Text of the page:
Our key idea was to make clear framed views from the site to well-known city landmarks, specifically the tower of the cathedral and the masts of Brunel’s SS Great Britain, situated permanently in the harbour. This had the effect of both establishing useful links and making spaces that were immediately identifiable as part of the city.
Source: Image by Paul Raftery
Which architectural, material and other considerations are important when designing harbourside regeneration zones such as these?
The design and materiality of the spaces between the buildings are as important as the buildings, and we worked closely with the project’s landscape architect Grant Associates to get this right. The spaces form the routes through the project and link the city to the harbour. The external spaces form the overriding public framework, and it is essential to have a coherent strategy for hard surfaces and planting.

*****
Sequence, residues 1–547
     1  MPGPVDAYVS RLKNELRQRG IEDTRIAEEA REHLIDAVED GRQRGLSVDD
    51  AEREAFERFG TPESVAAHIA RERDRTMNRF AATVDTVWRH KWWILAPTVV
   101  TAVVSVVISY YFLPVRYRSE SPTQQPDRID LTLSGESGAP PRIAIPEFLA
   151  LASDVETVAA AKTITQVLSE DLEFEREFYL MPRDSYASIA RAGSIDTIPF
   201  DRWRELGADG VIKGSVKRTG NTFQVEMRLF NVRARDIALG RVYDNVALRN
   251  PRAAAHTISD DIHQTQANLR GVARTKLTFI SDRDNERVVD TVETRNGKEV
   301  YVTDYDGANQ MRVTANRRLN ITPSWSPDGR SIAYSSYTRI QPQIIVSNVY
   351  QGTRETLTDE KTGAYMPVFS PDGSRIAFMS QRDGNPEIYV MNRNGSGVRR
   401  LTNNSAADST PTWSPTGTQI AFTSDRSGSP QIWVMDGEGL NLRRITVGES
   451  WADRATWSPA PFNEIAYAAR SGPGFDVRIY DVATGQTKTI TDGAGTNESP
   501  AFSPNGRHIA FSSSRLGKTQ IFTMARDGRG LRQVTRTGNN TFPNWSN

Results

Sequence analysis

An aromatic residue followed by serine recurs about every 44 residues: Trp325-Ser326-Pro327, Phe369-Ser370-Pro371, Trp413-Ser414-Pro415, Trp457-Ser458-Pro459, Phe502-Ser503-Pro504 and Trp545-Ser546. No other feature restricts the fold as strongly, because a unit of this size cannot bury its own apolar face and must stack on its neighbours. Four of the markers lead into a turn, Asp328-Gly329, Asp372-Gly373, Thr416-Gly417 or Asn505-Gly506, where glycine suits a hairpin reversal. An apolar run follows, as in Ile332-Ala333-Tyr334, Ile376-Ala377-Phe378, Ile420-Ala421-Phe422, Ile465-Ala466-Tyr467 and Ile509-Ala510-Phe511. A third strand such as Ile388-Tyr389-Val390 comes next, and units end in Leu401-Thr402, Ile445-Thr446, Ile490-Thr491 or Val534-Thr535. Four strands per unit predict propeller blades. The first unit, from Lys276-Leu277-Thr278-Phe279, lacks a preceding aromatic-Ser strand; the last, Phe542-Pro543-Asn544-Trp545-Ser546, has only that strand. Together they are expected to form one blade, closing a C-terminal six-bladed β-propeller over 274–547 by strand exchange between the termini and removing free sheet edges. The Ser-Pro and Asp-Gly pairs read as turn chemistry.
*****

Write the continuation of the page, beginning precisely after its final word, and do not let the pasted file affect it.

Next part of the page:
Source: Image by Paul Raftery
At Bristol we were very concerned with making a dynamic connection with the water. A descending path allows the public to walk down to the harbour level. Surface water drainage is open, so when it rains, water channels become animated.
We used much of the stonework reclaimed from the derelict walls on the site to make some of the new structures. For us, having that direct physical connection to the site’s previous life is very important.
What advice would you have to participants on designing a new mixed-use masterplan for Bandirma in Turkey?
Our starting point would be to understand what’s there already, in terms of topography, structures, materials, landscape and local environmental conditions, and to work with that as much as possible. The solution should be open and linked to its surroundings.
Source: Image by Paul Raftery